While Democrats and Republicans say they are ready to begin filling in the nation’s deep borrowing hole, budget hawks remain skeptical of lawmakers’ ability to fulfill their vow, given that many of them did the digging in the first place.
Even as the outlines of the problem — the retirements of baby boomers and growing federal entitlement program obligations — have been clear for a decade, time after time lawmakers at critical junctures deepened the deficit by cutting taxes, adding a prescription drug benefit to Medicare and spending freely to try to stimulate the struggling economy.
“The greatest indictment you can make of anyone who served between 2000 and now is having wasted time,” said Douglas Holtz-Eakin, a former head of the Congressional Budget Office and now president of the American Action Forum, a conservative think tank. “We knew the baby boomer retirement was coming, we knew the debt entailed large ramp-ups in existing entitlement programs, and we didn’t fix them.”
The issue is about to come to a head once again in the next few months with a fight on Capitol Hill over whether to raise the government’s debt ceiling beyond the already record-shattering $14.3 trillion limit. Some congressional Republicans are demanding major spending cuts and changes in federal budget philosophy as the price for their vote.
A quick history lesson shows how badly the nation’s finances were mismanaged — on a bipartisan basis — since the turn of the century.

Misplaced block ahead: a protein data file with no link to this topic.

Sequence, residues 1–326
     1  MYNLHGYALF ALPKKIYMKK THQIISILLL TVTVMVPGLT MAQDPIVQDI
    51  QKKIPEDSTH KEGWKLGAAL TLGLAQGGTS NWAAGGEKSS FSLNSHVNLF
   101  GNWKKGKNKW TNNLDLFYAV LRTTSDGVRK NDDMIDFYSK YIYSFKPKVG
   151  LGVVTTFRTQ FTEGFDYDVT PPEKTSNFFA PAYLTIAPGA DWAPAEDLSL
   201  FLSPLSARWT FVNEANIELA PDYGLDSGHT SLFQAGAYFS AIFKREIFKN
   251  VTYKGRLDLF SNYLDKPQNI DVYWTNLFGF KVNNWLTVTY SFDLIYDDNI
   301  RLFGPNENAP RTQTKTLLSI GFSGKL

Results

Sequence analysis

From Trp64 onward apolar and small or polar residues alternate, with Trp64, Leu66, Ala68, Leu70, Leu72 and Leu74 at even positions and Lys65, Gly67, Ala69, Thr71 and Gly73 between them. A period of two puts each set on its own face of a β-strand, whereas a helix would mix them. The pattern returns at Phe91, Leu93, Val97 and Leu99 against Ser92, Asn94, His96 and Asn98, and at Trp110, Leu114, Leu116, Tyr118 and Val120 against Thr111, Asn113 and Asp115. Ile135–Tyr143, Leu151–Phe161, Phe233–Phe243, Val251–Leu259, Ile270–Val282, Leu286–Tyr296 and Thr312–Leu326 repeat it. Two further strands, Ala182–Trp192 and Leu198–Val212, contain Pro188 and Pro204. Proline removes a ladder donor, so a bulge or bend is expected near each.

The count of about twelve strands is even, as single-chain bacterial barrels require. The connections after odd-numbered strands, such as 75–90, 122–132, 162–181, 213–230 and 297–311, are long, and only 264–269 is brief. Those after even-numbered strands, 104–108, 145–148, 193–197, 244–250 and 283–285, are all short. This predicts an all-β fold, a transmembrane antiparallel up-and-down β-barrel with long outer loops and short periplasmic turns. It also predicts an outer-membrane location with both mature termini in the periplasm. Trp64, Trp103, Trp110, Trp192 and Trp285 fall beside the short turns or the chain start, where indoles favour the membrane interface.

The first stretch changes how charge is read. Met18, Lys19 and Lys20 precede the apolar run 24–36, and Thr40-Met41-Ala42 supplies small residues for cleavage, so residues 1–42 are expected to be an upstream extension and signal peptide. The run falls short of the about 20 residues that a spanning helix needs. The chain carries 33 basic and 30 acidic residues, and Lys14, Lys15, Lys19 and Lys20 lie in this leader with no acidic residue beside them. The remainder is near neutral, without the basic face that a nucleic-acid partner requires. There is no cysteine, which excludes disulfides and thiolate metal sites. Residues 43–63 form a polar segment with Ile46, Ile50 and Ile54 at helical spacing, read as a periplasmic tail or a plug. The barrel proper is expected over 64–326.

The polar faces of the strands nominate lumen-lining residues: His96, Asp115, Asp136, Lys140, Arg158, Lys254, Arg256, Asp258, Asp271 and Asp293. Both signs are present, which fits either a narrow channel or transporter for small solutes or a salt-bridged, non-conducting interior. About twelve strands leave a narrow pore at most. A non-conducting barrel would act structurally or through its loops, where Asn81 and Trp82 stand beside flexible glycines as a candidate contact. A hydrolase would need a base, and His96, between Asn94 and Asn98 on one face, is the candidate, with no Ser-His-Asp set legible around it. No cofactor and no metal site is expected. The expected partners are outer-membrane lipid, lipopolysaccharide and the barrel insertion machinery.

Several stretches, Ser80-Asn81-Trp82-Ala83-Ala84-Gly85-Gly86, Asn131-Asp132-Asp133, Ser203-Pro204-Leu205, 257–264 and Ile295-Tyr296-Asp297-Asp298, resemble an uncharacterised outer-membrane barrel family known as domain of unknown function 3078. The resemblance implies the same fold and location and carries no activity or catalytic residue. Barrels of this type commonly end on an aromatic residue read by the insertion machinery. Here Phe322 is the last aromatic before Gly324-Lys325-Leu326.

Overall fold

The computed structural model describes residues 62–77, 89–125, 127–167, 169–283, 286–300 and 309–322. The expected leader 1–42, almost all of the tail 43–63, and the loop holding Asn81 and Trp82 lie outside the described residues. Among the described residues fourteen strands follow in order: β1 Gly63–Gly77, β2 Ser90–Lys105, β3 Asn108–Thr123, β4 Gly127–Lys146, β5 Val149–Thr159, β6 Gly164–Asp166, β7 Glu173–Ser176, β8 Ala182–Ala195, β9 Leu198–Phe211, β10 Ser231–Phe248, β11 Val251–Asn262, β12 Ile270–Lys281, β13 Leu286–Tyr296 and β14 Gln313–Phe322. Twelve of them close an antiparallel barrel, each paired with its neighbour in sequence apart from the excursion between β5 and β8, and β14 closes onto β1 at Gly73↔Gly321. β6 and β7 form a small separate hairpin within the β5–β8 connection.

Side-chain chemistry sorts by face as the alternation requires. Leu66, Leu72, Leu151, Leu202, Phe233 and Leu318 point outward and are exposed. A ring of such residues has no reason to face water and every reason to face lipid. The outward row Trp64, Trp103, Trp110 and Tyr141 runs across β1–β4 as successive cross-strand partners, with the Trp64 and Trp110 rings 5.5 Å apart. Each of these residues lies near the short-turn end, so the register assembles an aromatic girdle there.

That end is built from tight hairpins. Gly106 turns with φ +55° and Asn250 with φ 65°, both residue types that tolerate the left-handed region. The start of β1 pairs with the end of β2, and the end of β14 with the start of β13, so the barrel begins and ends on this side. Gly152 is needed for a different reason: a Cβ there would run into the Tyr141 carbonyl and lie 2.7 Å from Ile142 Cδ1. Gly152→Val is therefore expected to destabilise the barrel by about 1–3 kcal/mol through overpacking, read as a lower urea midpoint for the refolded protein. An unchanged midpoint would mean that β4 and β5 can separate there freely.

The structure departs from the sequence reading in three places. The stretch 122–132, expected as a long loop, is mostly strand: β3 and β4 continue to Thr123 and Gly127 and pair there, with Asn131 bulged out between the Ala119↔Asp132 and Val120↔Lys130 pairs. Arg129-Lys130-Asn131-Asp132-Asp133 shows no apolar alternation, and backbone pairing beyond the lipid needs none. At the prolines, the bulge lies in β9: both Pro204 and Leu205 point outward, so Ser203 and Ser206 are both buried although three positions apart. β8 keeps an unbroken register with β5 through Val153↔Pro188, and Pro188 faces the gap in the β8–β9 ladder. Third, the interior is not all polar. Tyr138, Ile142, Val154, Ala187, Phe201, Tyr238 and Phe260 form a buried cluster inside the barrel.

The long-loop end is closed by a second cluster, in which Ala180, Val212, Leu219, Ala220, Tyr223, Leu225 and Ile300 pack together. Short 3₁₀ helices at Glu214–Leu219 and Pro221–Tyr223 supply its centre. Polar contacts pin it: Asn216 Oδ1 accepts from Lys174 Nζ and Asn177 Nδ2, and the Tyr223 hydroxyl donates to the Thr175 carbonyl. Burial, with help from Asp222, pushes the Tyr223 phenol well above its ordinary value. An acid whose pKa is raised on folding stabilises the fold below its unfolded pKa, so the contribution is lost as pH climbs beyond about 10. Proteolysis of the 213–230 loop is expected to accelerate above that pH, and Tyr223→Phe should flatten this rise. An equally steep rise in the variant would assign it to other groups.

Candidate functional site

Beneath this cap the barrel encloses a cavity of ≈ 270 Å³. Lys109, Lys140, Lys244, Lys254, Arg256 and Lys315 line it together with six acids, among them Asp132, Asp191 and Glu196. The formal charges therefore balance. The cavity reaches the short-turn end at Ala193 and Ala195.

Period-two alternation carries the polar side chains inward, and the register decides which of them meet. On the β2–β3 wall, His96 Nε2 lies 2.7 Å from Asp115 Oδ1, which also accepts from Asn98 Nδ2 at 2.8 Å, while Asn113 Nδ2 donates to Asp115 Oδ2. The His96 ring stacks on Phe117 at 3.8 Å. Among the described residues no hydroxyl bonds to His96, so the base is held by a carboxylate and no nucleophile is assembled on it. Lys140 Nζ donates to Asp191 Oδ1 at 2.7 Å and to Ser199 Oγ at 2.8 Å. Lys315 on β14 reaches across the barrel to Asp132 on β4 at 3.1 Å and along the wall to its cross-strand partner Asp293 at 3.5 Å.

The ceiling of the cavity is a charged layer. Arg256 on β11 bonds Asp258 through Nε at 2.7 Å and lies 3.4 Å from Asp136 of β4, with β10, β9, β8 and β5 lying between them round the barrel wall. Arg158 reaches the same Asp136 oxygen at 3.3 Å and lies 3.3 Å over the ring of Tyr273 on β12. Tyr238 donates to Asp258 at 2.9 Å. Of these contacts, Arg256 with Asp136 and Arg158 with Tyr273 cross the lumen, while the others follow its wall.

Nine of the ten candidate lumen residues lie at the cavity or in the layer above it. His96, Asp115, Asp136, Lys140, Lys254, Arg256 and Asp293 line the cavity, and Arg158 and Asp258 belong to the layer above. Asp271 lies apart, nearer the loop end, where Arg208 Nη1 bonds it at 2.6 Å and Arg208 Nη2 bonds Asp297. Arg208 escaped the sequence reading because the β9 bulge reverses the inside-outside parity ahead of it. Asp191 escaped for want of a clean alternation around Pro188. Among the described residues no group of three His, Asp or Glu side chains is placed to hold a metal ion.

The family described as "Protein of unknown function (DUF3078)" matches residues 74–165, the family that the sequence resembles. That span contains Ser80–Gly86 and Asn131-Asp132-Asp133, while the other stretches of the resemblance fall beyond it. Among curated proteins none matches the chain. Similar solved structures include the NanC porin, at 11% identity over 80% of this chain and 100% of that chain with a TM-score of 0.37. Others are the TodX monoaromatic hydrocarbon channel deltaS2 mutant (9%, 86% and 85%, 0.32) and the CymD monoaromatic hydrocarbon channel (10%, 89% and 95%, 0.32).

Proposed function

In the late 1990s, the U.S. federal debt situation had stabilized, reaching $5.6 trillion at the end of 2000, with four years of federal surpluses at the end of the Clinton administration. But since then, the government has added more than $8 trillion to the tab.
President Obama wound down the war in Iraq while stepping up the war in Afghanistan, but he also spent lavishly early in his administration in an attempt to bring the economy out of the doldrums - adding again to the nation’s credit bill. Mr. Obama created a bipartisan deficit commission to take up the thorny issues related to Social Security, Medicare and Medicaid spending; its recommendations have been praised but given little evident follow-up.
Maya MacGuineas, president of the Committee for a Responsible Federal Budget, said the coming debate over raising the debt limit will offer party leaders another shot at convincing voters that “we can’t have tax cuts and spending increases because the math does not work.”
“The debt ceiling is an opportunity to productively force the discussion, but members of Congress who have voted for all those policies and already passed them really can’t dig their heels in with the debt ceiling and act like that’s being fiscally responsible,” Mrs. MacGuineas said. “What’s fiscally responsible is putting the policies in place to change the fiscal course.”
Through the 1970s, budget tables from the Office of Management and Budget (OMB) show, the federal government generally ran large annual deficits only in times of war or during economic downturns.
That started to change in the 1980s, after President Reagan and a politically divided Congress approved large increases in defense spending combined with tax cuts that reduced government revenue.
The moves helped create annual deficits between 1983 and 1992 that averaged $206 billion, according to OMB.
As a result, the gross federal debt mushroomed from about $995 billion at the end of 1981 to $4 trillion at the end of 1992, while the public portion of that debt jumped from $789 billion to nearly $3 trillion.
Deficits continued to climb through 1992, reaching $290 billion, only to gradually fall to $22 billion in 1997 when President Clinton was in the White House and Republicans controlled Congress.